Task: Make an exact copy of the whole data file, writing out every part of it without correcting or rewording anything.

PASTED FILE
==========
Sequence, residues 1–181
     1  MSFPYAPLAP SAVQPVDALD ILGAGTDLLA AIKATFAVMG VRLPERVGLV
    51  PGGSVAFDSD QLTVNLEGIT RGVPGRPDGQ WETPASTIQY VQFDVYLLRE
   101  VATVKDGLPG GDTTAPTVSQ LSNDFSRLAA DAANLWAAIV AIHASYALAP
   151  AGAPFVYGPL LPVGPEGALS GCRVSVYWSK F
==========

Sequence, residues 1–181
     1  MSFPYAPLAP SAVQPVDALD ILGAGTDLLA AIKATFAVMG VRLPERVGLV
    51  PGGSVAFDSD QLTVNLEGIT RGVPGRPDGQ WETPASTIQY VQFDVYLLRE
   101  VATVKDGLPG GDTTAPTVSQ LSNDFSRLAA DAANLWAAIV AIHASYALAP
   151  AGAPFVYGPL LPVGPEGALS GCRVSVYWSK F